Cui: 4 Piano Pieces, Op. 22

SKU: EB8126
$19.95

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  • Composer: César Cui
  • Instrumentation: Piano
  • Work: 4 Pieces, Op. 22
  • ISMN: 9790004175095
  • Size: 9.1 x 12.0 inches
  • Pages: 28

Description

Cesar Antonovitch Cui was born in Vilna in 1835 and died at the very old age of 83 in Petrograd, the present-day Leningrad. His father was a French officer who remained in Russia at the occasion of Napoleon's campaign in this country. He married a Lithuanian woman and found a position as French teacher in the secondary school in Vilna. Towards the age of 13, his son Cesar Cui began composing piano pieces which attracted the attention of Stanislav Moniuszko and led to the boy's receiving lessons in music theory. in 1851, at the age of 16, Cesar enrolled in the School of Engineering in St. Petersburg, thus putting an end to his musical training. He transferred to the Academy of Military Engineering in 1855, where he became professor of fortification methods in 1858.

Cesar Cui published various writings on military engineering which were esteemed among experts. Having attained the rank of lieutenant-general, he abandoned his military career in order to devote himself completely to music. Cui entered music history particularly due to his adherence to the group The Mighty Handful (Borodin, Mussorgsky, Rimsky-Korsakov); he is undoubtedly the weakest of its members. He composed weil into his old age, achieving little success. Predominam among his works are piano music (some of which was later orchestrated), then songs with piano accompaniment, three string quartets, ten operas and three chamber operas for children. Besides composing, Cui was also active umil the turn of the century as a music critic and published, among other things, the book La musique en Russie in French in 18 81. Almost all of this works are unknown today, which is not surprising considering that they contain none of the originality of Cui's composer colleagues Borodin, Mussorgsky and Rimsky-Korsakov. As late as 1952 Gerald Abraham claimed (MGG - Volume 2, col. 1821, Kassel 1952): His piano pieces are to be considered at best as tasteful salon music. Without a doubt, the works of Chopin, but also those of Schumann and Liszt served as models to Cui. Nonetheless, we should judge his compositions today with more comprehension and try to see them in the light of rediscovered 19th-century music. Cui's Quatre Morceaux pour Piano, Op. 22 of 1883 mirror the flair of Petersburger salons. The influence of French and German piano music gives birth to Russian genre pieces with a Western flavour.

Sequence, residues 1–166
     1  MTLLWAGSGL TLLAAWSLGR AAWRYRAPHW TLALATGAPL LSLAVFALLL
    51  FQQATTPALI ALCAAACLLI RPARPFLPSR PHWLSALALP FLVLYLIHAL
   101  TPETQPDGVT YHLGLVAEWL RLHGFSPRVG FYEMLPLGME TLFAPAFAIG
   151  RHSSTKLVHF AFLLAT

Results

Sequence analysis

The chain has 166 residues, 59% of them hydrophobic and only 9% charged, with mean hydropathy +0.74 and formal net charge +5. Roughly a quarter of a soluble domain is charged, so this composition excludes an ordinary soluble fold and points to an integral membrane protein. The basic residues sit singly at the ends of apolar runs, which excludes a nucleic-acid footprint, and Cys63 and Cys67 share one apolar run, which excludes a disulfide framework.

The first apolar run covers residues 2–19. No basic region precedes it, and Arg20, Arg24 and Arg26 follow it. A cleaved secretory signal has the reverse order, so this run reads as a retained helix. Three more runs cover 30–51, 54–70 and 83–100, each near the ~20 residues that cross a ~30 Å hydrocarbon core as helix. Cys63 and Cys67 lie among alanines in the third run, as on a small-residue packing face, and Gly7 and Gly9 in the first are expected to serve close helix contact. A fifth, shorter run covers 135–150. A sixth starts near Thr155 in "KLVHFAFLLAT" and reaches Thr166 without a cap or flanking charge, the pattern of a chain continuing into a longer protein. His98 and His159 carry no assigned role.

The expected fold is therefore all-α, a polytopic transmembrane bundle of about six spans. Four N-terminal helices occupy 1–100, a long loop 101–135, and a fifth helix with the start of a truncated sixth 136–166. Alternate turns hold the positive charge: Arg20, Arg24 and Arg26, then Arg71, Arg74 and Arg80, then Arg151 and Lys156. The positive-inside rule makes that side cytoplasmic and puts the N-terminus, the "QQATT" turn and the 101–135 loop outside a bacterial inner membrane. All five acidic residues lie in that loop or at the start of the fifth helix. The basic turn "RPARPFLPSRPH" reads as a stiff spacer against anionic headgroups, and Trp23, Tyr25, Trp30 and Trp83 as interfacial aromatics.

They are saturated with voluptuous melodies and marked by emotional exuberance. These pieces were gratifying prey to the piano-playing young ladies of the upper classes. lt is not surprising that these Morceaux, published by Bessel in Petersburg, quickly made their appearance in Western Europe, where they were distributed by Breitkopf & Härtel in coproduction with Bessel. This present edition is based on the first edition. The new perspectives opened up by the current nostalgia trend should certainly contribute to a more positive appreciation of this music.

Wiesbaden, Summer 1981

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